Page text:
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Fowl business in latest deal struck by CP Group

Fowl business in latest deal struck by CP Group

CP International will make chicken history in Cambodia on July 29-30. The company

will give 3,000 baby chicks to a farmer in Takhmau, 15 kms south of Phnom Penh. Forty

days later the farmer will make roughly $300 by selling the chickens back to the

company, which will then sell them on the local market.

In an agreement between Ministry of Commerce Secretary of State Lu Laysreng and Thailand's

largest conglomerate, CP Group, Cambodian farmers will be given the opportunity to

earn up to $2,000 a year. Furthermore, raising chickens will increase their supply

on the local market, making them affordable, Laysreng hopes, for the peckish consumer.

In preparation for next week, the Takhmau farmer has invested roughly $1,250 to house

and feed his feathered friends. After 40 days - the number of days it takes for the

chick to grow into a 1.8 kg chicken - CP Cambodia will purchase the chickens from

the farmer at an agreed-upon price. This roost of chickens will bring in $240-$330,

or 25 cents for a pair of birds.

CP Cambodia will then transport the chickens to a market in the Phnom Penh area.

If all goes well, the company will give the farmer 3000 chicks six times a year-

it takes two weeks to clean up after the chickens have left the coop - with the annual

income potential of up to $2,000.

By December this year, CP Cambodia will bring 30,000-50,000 chickens per week to

Phnom Penh-area markets, according to Anan Athigapanich, Assistant Vice President

of CP Vietnam and President of CP Cambodia.

He estimates that currently 90,000 chickens are sold per week in the Phnom Penh area.

In 1997, as the arrangement becomes available to farmers in Kompong Cham, Kompong

Som, and Prei Veng Province, 50,000-80,000 chickens per week will strut to the market.

In five years, this figure will increase to 100,000 per week.

CP International is relying on its extensive experience with similar arrangements

in Thailand, China, and Vietnam to expand into Cambodia's fledgling fowl market.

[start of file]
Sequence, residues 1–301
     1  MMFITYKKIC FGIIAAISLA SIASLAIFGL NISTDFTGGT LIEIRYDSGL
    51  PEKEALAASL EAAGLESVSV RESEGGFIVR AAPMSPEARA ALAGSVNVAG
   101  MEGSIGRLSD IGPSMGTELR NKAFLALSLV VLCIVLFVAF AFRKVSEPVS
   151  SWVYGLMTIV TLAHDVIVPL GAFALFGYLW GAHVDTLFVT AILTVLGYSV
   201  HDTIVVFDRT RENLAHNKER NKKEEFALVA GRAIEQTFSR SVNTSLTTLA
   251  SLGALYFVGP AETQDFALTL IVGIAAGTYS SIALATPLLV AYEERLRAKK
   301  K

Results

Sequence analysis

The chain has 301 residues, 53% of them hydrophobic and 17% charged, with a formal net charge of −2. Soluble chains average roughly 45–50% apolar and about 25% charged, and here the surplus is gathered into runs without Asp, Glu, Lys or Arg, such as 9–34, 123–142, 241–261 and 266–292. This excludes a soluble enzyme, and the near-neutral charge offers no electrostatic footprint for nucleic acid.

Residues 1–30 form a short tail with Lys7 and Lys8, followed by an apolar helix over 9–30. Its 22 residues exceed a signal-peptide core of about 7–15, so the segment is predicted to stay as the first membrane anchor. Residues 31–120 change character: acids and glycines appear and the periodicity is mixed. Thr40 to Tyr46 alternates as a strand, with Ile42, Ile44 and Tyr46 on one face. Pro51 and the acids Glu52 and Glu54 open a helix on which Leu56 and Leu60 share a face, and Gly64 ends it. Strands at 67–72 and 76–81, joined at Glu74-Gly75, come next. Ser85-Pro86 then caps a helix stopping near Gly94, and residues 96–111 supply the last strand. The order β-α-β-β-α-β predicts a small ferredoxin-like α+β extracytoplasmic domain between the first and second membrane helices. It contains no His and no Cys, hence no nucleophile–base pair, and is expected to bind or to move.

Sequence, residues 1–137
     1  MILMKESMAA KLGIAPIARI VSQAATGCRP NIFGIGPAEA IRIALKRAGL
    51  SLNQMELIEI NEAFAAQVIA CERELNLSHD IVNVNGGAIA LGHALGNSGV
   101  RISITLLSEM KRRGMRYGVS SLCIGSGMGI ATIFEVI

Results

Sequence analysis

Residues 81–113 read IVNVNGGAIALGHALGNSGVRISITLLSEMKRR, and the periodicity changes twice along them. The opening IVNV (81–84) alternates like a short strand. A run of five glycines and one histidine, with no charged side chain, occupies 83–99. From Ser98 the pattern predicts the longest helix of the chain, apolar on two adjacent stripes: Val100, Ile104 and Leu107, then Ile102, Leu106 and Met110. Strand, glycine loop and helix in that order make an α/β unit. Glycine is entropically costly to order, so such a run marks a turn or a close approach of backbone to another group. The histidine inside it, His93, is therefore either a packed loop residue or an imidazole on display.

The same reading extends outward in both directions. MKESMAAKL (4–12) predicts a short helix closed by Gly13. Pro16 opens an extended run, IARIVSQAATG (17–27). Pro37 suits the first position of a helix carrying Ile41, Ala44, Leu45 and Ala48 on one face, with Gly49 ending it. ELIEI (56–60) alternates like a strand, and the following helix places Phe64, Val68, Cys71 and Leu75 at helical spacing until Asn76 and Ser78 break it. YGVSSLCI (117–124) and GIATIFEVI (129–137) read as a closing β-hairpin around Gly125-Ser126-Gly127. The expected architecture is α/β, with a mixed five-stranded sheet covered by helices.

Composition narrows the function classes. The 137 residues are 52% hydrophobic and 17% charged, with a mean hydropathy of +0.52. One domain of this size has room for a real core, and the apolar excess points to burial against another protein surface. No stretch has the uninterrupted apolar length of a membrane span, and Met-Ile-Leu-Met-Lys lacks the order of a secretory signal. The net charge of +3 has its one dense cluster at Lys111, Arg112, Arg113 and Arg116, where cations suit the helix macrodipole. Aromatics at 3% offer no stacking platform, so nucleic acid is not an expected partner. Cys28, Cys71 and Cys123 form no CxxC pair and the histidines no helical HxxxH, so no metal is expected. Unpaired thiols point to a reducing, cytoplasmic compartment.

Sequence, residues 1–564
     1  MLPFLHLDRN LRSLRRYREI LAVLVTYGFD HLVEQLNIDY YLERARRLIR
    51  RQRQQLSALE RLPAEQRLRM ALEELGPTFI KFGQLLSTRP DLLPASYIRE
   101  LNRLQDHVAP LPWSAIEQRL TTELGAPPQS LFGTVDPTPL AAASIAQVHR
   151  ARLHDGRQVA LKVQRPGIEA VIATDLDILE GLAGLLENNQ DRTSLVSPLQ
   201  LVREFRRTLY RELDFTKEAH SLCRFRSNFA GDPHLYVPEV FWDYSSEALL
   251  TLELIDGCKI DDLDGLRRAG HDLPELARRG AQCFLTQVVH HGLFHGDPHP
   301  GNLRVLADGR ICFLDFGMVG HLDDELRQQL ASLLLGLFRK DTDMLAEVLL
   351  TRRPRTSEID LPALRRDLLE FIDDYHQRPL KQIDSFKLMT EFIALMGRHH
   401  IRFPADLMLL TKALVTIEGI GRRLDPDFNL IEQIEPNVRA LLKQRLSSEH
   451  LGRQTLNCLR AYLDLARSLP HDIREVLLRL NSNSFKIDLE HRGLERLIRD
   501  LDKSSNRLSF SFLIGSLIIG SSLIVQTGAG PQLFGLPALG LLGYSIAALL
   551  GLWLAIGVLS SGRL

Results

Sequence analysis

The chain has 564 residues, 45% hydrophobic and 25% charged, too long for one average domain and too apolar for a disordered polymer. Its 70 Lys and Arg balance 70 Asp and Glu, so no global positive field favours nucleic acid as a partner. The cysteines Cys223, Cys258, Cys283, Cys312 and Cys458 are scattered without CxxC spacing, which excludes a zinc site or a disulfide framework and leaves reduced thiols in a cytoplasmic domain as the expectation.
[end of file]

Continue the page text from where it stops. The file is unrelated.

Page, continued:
The company is currently marketing the venture by visiting village heads and showing

videos to farmers.

"In Vietnam, farmers were initially reluctant to grow chickens this way,"

says Athigapanich, "but after they saw how easy it is to make money, they caught

on very quickly."

To ensure that each bird reaches its plump 1.8 kg target, CP Cambodia will monitor

the health of the chickens, providing free medicine when necessary, and ensure that

they are receiving the correct amount of feed daily.

Increasing the supply of chickens will eventually halve their price, according to

Laysreng. Currently, Cambodian-grown chickens are too expensive for the average Cambodian

consumer as well as for the international market. Athigapanich attributes high prices

to inefficient production technology and diseases that keep the supply low.

This will change in up to five years, however, when Cambodia begins to produce quality

feed at economies of scale. CP Cambodia will finish constructing the country's first

feed mill in late 1996, and in three years the mill will operate at its full capacity

of 84,000 tons per year. When the price and quality of Cambodian chickens meets the

world standard, in 5 years estimates Athigapanich, CP Cambodia will begin exporting

chickens.

By this time, CP International will have invested $15 million in Cambodia, he said.

In addition to the feed mill, the company plans to build hatching, broiler, and pig

farms.

The high cost of chicken motivated Laysreng to become the moving force behind attracting

CP International to Cambodia.

"I am a very simple person," he explained. "I prefer to eat in food

stalls. But it is shameful to see people wait until after I have finished to eat

the remains of my meal. Cambodian people cannot afford chicken."

Worrying that farmers will not be able to afford the $1250 initial investment, Laysreng

has suggested that an international or regional financial institution set up a Farmers

Association to direct capital to them.

"It is very difficult for farmers to get loans now," he says.

"The Farmers Association needs $25 million. The farmers can pay back the money,

with interest, in ten years. Everybody will benefit from more chicken: farmers, consumers,

and when exports begin, even the government budget."

With Phnom Penh to be awash in chicken, the consumer may wonder: where chicken feet

tread, can Colonel Sanders' be far behind?

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